I am interested in improving education, by blending online and on campus. Also improving staff knowledge of teaching.

What has worked well during the pandemic are conventional online distance education techniques, which I have been using at university since 2009. Also the adaption of WIL to a blended format, with online fallback for  emergencies worked (planned in 2019, before pandemic).

What didn't work so well for others were high stakes exams moved online. But this was an expedient measure needed where staff were not trained to assess in other ways. The problem for universities is how to motivate staff to do the required teacher training, so they not only know how to teach and assess in other ways, but are willing to do it.

The approach I suggest is to design an asynchronous online core, plus syncronous/f2f components. As in Hapke, Lee-Post, and Dean (2020) did with their 3-in-1 Hybrid Learning.

A LMS, such as Moodle is fine (one LMS is much the same as another). Zoom is very good. Turnitin is a problem: as it doesn't integrate well. Add Github, or similar repository tool, and a logbook tool, to support student individual and group projects. This logs the student's progress, so you can see who did what, when, throughout the semester. 

The first year experience could be improved with a Professional Practice course. Have group activities from first semester, firm deadlines and zero for late work, to set expected behavior.

The campus experience can be improved by making extra curricular activities co-curricular, by offering course credit for relevant experience. Ensure all teaching spaces are equipped for blended learning. Make campus attendance optional, so students come because the want to be, not because they have to.

Program design requires staff trained in program design. This takes years to phase it in. Look at Singapore University of Technology and Design (SUTD) experience.

Australia's elite research universities need to accept that "research lead", and "campus based" are marketing slogans, not workable strategies. Universities don't need a corporate"model of learning", so much as trained, qualified, educators. The focus in staff training should be on "dogfooding": teach the staff to teach, in courses which give them the experience we want students to have. Also offer these courses to students.

Thursday, June 9, 2022

Showing and Telling Virtual Reality in Health Education

Greetings from the ANU Medical School, where Dr Jane Frost, Associate Professor in Nursing, at University of Canberra, is talking about the use of extended reality, for teaching medical students. Jane is gently introducing us to how VR & AR can be used. She started with a view of a typical lecture theater, captured with a headset camera. This then switched to a simulated hospital ward, particularity useful for students who can't get to a real one, or one of the training wards with dummies the universities have.

Jane explained the difference between VR & AR, with AR overlaying an image on the wearers perspective, whereas VR provides everything. She also mentioned that use of VR requires safety protocol, so the students do not fall over objects they can't see. As well as training, Jane pointed out AR has potential to assist in everyday work.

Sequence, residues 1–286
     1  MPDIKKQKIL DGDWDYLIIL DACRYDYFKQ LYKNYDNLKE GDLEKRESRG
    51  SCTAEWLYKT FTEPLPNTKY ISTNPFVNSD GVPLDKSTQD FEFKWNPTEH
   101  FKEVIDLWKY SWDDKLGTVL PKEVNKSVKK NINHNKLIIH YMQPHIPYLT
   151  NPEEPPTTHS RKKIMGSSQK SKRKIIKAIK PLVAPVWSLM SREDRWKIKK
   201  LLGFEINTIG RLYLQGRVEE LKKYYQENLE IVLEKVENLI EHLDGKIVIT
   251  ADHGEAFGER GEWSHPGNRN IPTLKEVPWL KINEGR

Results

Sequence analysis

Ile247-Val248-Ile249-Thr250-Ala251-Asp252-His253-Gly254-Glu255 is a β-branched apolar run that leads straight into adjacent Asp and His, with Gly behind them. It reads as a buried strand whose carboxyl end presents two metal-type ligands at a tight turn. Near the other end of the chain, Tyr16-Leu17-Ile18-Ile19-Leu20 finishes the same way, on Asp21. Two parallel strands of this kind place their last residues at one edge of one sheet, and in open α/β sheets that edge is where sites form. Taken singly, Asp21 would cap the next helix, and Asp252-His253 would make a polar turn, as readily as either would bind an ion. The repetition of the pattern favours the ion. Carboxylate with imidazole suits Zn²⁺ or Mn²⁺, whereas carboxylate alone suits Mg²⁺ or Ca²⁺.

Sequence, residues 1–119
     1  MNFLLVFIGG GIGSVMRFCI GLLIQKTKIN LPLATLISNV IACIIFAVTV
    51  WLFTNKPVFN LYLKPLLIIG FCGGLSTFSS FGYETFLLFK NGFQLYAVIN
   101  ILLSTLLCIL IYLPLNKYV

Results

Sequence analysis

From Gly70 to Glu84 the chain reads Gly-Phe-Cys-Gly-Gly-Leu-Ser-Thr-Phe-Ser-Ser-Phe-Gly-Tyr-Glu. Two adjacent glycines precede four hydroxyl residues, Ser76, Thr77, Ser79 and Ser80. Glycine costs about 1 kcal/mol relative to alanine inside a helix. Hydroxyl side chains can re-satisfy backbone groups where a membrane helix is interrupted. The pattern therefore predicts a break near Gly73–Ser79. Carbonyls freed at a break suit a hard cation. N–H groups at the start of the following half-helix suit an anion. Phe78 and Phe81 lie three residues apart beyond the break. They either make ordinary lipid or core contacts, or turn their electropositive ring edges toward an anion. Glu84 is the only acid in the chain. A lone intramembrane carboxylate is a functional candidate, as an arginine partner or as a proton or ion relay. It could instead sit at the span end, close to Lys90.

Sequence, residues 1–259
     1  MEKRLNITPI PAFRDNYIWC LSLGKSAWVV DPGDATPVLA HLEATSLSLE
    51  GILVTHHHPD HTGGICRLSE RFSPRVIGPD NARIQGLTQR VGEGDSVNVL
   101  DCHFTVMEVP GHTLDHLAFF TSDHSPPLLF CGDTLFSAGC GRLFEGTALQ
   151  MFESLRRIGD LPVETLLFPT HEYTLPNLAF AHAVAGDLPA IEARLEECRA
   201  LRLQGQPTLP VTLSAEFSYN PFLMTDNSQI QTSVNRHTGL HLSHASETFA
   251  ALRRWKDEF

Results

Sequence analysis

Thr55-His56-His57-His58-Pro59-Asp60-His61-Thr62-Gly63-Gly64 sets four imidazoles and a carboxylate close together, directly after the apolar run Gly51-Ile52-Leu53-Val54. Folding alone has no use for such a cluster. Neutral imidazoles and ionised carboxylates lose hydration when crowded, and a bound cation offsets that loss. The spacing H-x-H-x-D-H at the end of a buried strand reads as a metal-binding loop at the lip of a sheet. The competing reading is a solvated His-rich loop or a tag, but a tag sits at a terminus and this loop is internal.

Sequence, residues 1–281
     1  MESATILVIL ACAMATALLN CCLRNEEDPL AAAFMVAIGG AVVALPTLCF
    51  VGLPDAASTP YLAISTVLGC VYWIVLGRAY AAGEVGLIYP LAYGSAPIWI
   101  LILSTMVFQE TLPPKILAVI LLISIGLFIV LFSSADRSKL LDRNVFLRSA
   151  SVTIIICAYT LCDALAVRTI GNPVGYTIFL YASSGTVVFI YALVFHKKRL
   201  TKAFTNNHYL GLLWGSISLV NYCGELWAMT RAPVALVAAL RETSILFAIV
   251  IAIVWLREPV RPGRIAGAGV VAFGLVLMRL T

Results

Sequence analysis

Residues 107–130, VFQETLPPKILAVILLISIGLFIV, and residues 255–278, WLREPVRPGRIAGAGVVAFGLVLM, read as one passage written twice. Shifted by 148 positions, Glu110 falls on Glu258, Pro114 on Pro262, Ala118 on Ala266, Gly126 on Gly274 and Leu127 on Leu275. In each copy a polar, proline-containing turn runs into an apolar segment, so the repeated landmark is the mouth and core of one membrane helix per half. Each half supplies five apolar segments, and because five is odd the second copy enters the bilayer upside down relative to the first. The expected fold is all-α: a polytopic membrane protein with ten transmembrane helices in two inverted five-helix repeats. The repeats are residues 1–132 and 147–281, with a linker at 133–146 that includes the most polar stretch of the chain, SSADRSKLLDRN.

It was good to see Dr Frost did not spend too long on simulated classrooms, as I don't think these are much use. We want students in a workplace, simulated or real, not a classroom (simulated or real). One compelling example was of a student looking at a simulated patient in a real hospital ward, responding as if they were real. Another was very disturbing, with a simulated patient screaming continuously (the lesson for students was that the noisy patient doesn't necessarily get priority). 

The event was chaired by Katie Freund, Manager of Technology-Enhanced Learning and Teaching (TELT), at ANU Medical School.

Tuesday, June 7, 2022

Developing a Learning and Teaching Strategy

Along with many university staff, I have been invited to be part of developing a Learning and Teaching Strategy. This is an issue exercising the minds of people at many universities at present (or should be), as we recover from the COVID-19 pandemic. I have spent some of the last ten years studying, researching and presenting on these issues, so note that these are my views, not necessarily those of any particular institution.

An Approach

The approach I suggest is that universities design for a student who is remote, part time, and focused on practical vocational outcomes. Then add optional on-campus, and more academic activities. In terms of teacher development, require formal qualifications, but with training based on workplace experience.

It is much easier to start with a course designed for remote students, and add on-campus activities, than the reverse. Also, when another emergency forces some, or all, students online, this can be accomplished with no change in course design or delivery, the on campus components can be simply cancelled, leaving the remote component to continue. This approach was found to be effective in response to COVID-19 (Narayan, et al., p. 168, 2021).

Some issues:

1. Learning